updated 23 Jun 2013, 19:53
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Sun, Apr 07, 2013
ST Urban
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7 things in her bag: Celeste Chong
by Paige Lim

The weird, the wacky and the wonderful - Ms Celeste Chong has seen them all in her time as co-founder and marketing director of The Butter Factory.

"No outfit is ever too much or too strange for us," she says of the club's dress policy. Since it opened in 2006, the nightspot in One Fullerton has encouraged its patrons to dress without inhibitions.

It started a series of bi-monthly theme parties last November, with quirky themes such as Space Zoo and Expensive Trash. There are also parties to mark its anniversary every April and Halloween in October.

The Butter Factory turns seven this month. It was founded by Ms Chong; Ms Tay Eu-yen, its executive chairman; Mr Bobby Luo, the club's creative director; and Mr Ritz Lim, who runs his own hair salon.

Before that, Mr Luo, Mr Lim and Ms Chong worked together at another club while Ms Tay was a lawyer.

The club, says Ms Chong, 33, is always on the lookout for colourfully dressed individuals and will usually reward them with a VIP card for their creativity. The card gives them perks such as free entry to the club and discounts on drinks.

Still, she has not seen any outfit that can rival those worn by Mr Luo and Mr Lim. The duo are the faces of the club and are well-known for their wacky and flamboyant outfits, which they usually design themselves.

Ms Chong recalls one occasion when they turned up in super-sized versions of themselves, wearing oversized headgear with images of their faces. While the club welcomes all styles, you will likely be turned away if you show up in sloppy attire, such as slippers and bermudas.

For Ms Chong, comfort ranks high on her list - combat boots with a slight heel are her clubbing staple.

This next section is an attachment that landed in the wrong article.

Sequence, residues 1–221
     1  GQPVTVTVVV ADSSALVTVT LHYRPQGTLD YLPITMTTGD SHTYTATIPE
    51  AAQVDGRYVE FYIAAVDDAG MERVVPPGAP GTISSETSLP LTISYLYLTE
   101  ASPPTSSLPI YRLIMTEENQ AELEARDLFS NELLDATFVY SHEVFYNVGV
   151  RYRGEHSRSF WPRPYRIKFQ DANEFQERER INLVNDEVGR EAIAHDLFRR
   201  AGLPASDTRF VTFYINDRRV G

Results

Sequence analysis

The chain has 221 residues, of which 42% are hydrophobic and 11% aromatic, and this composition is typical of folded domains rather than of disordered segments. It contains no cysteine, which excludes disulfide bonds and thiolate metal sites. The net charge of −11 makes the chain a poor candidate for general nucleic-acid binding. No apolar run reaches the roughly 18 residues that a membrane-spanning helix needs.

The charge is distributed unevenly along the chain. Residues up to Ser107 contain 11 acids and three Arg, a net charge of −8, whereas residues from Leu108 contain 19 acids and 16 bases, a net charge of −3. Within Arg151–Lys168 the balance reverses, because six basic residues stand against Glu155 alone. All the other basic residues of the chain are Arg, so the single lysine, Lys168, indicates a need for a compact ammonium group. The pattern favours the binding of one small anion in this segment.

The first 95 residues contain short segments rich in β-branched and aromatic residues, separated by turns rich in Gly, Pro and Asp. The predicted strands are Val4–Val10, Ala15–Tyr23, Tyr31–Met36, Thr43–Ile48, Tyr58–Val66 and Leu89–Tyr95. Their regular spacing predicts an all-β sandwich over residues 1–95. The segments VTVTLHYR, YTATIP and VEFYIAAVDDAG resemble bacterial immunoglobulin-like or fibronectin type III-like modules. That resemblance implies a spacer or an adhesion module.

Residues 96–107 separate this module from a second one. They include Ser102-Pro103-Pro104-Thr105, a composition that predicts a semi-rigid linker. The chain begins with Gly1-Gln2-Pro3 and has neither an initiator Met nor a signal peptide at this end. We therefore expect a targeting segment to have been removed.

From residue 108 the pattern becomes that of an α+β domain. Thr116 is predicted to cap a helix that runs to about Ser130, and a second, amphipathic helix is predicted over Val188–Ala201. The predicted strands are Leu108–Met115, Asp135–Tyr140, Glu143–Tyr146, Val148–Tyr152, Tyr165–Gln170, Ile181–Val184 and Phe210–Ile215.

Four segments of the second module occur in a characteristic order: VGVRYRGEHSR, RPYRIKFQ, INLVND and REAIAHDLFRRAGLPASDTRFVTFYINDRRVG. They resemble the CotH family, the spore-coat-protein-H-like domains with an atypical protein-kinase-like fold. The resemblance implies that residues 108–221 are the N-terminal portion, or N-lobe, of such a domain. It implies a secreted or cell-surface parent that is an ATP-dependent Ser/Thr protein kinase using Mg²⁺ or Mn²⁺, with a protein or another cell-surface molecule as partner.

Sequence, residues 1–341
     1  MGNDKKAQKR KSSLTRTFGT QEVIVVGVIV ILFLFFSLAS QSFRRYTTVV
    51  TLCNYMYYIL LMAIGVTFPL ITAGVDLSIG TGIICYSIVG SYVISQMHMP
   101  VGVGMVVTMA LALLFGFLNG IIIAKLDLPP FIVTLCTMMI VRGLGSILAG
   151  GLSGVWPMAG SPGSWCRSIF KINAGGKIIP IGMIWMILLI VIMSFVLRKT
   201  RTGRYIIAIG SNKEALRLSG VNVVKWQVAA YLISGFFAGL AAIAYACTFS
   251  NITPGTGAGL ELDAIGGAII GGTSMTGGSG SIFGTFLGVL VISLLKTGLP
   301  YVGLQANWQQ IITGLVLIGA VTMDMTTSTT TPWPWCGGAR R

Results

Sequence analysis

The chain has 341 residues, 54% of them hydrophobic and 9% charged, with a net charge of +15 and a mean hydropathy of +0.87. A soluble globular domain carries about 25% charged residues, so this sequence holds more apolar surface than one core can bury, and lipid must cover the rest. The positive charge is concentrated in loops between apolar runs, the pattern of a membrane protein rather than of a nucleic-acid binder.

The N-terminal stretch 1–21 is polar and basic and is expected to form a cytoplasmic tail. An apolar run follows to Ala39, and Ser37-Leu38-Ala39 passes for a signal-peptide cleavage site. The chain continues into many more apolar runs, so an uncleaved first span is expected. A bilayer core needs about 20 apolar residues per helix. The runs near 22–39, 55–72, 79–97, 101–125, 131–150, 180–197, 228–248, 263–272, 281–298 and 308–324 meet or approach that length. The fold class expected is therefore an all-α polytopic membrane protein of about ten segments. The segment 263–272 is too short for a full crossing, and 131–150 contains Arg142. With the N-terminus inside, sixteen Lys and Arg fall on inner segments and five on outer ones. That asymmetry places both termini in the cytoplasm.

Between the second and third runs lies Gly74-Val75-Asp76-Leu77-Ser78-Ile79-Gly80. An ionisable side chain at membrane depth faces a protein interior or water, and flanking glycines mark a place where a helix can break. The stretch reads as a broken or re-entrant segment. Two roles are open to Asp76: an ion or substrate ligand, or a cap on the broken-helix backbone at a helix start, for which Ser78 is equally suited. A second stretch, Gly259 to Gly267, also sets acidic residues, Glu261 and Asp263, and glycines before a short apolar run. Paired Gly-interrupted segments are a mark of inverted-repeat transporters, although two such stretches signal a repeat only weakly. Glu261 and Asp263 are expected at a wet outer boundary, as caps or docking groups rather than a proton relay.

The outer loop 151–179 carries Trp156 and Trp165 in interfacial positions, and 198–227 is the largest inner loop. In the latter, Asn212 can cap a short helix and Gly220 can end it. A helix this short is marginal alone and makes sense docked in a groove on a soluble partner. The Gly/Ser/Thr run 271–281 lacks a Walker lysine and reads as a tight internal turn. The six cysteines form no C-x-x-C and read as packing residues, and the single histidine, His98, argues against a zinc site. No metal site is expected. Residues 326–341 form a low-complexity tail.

The Butter Factory started at Robertson Quay before moving to its current location at One Fullerton in 2009. It opened its first overseas club in Kuala Lumpur last August.

The idea of starting the club popped up over drinks with Ms Tay, who was her schoolmate in Raffles Girls' Secondary.

Two weeks later, they drew up a business plan and roped in their mutual friends, Mr Luo and Mr Lim. The club cost about $500,000 to set up.

While some brush her job off as all fun and games, Ms Chong, who is single, says she works 10 to 12 hours a day, sometimes on weekends too.

"My job is not all about drinking and partying. Many people don't know that I deal with administrative matters, manage external club-related projects and conceptualise events," she says.

No surprise then that clubbing is the last thing she would do in her free time. "When I'm off duty, all I want is to sit on my couch and watch television. Clubs remind me too much of my work."


This British leathergoods brand is expensive but I got this at a steal. My close friend, who used to work at Smythson in Britain, got this for me at 70 per cent off its usual price.


Our stylist used these House Of Holland sunglasses in a photoshoot for our club magazine. I liked them so much I bought a pair for myself. I like its unique shape.


I love this case from American website,, which sells iPhone cases. It gives me a better grip.


I cannot travel without my Sony Vaio laptop. I'm working every day so I need it to reply to e-mail, even when I'm on leave.


I've tried a few perfumes but they didn't sit well with my sensitive nose. This one doesn't make me sneeze.


I bought this Agnes b. card holder from Hong Kong recently. I tend to forget my name cards so I put them together with my house keys.


My friend and I import these mint capsules from Australia. We have the exclusive distribution rights in Singapore. They have a very strong peppermint taste and should be swallowed with water. I usually take one or two after meals to keep my breath fresh.

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